"He was clearly the best writer among the (astronauts), wrote the best book by an astronaut and had a bit of the poet in him," Chaikin said in an interview. "Very perceptive, very keen insights, a very balanced view of life. He did not enjoy fame at all. That wasn't what he was in this for."

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Apollo 11 astronaut Michael Collins on April 15, 2019 Eric Baradat / AFP/Getty Images

With Collins' passing, Aldrin is the lone remaining member of NASA's most famous crew. Armstrong died on August 25, 2012.

The son of a career military officer, Collins was born October 31, 1930, in Rome, Italy. Following his father and older brother, he graduated from the U.S. Military Academy at West Point in 1952.

He subsequently joined the Air Force and went on to become a jet pilot, serving in various capacities until his admission to the fabled Air Force test pilot school at Edwards Air Force Base in 1960. Classmates included future astronauts Frank Borman, Jim Irwin and Tom Stafford.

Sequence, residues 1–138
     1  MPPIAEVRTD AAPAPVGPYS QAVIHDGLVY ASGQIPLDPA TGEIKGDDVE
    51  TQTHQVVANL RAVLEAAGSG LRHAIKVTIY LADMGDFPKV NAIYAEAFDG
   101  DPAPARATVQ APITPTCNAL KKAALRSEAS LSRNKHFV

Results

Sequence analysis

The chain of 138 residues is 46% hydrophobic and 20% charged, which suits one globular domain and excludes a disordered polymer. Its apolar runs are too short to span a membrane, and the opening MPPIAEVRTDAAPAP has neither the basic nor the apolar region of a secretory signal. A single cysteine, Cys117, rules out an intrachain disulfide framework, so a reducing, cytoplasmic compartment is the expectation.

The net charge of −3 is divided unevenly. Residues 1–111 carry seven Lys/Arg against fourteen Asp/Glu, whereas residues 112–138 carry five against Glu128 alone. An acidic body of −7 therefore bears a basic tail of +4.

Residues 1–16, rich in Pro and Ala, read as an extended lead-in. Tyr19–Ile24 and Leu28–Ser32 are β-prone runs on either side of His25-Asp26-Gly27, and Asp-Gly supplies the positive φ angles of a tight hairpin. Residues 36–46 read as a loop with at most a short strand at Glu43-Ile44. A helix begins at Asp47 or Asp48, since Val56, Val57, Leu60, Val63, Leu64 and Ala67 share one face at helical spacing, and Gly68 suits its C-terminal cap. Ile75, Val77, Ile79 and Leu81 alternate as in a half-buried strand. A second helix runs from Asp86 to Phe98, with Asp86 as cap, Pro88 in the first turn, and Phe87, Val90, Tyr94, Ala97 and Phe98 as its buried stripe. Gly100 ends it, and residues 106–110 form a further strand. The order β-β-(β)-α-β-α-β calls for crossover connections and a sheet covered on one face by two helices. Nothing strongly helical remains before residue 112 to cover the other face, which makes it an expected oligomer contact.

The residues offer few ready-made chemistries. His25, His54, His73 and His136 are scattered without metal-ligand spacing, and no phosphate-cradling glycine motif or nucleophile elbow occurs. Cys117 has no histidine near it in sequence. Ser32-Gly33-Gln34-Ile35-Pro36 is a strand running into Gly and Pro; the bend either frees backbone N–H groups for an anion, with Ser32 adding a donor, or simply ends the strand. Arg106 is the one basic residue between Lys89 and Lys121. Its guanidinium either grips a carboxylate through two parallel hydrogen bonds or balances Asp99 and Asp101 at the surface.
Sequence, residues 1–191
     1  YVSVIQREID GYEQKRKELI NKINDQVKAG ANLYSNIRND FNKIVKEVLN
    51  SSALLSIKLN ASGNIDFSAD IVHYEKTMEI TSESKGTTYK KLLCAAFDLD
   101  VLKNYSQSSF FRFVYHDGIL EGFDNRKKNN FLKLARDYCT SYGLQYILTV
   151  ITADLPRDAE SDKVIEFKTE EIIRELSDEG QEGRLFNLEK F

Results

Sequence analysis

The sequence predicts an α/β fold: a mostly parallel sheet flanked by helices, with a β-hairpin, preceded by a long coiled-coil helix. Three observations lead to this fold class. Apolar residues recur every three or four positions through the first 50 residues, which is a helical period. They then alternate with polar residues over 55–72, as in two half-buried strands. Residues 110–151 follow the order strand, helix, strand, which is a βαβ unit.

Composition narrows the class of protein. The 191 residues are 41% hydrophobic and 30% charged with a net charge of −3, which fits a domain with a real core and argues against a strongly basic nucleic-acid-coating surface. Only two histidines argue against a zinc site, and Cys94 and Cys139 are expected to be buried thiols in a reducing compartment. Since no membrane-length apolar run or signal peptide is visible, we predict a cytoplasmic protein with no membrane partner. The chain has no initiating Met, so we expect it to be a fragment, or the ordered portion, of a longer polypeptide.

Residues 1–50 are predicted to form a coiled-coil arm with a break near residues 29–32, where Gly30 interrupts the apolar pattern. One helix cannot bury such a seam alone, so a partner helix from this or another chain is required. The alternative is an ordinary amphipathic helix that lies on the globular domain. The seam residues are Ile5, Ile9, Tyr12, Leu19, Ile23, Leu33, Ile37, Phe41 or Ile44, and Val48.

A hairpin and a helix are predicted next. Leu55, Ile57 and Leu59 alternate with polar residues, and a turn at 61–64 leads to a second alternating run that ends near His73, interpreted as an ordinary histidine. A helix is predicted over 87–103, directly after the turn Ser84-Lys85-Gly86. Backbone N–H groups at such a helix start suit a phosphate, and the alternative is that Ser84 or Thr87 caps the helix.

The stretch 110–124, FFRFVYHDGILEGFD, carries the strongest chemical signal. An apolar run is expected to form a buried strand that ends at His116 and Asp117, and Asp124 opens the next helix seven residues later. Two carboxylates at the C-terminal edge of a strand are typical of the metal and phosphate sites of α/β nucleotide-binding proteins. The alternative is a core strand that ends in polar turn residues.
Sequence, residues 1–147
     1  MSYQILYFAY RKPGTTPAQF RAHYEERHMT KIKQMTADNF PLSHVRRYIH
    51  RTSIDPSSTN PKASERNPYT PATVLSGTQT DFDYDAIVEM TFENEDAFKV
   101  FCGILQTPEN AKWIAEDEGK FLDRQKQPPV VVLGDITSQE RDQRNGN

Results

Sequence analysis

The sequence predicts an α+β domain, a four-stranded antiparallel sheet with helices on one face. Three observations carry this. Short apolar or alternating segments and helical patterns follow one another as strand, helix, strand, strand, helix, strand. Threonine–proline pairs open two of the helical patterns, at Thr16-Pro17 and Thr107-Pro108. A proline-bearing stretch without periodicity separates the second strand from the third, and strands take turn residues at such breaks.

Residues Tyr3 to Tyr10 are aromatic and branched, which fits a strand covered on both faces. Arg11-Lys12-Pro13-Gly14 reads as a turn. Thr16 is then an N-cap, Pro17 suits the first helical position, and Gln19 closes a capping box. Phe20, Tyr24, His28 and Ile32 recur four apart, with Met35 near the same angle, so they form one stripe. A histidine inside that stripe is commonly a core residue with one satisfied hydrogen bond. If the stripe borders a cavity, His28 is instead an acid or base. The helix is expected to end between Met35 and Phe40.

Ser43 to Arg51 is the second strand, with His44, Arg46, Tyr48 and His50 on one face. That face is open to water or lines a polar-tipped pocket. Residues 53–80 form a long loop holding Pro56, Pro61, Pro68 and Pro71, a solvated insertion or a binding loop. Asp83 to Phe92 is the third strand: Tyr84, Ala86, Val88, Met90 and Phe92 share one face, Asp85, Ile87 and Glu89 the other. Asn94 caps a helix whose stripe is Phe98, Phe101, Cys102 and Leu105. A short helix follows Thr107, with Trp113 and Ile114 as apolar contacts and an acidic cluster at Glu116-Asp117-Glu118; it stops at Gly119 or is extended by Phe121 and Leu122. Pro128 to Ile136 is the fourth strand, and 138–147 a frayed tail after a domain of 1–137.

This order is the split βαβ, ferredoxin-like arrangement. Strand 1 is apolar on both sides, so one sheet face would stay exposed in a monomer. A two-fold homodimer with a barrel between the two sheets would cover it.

After marveling at John Glenn's flight to orbit in a Mercury capsule in 1962, Collins applied to NASA to become an astronaut, only to be rejected. He applied again in 1963, and this time, he was accepted.

On July 18, 1966, Collins and commander John Young, who would later walk on the moon and command the first space shuttle mission, blasted off from Cape Canaveral in Florida in a cramped Gemini capsule atop a Titan rocket booster for the most complex space flight to date for the budding American space program.

Among the mission's accomplishments were the dual rendezvous with two Agena target satellites and a then world-record altitude of 475 miles. Collins also walked in space twice to become the third American astronaut to venture outside his spacecraft.

"My first impression (was) a feeling of awe at the wide visual field, a sense of release after the narrow restrictions of the tiny Gemini window," Collins wrote. "My God, the stars are everywhere.

"We are gliding across the world in total silence, with absolute smoothness; a motion of stately grace which makes me feel God-like as I stand erect in my sideways chariot, cruising the night sky."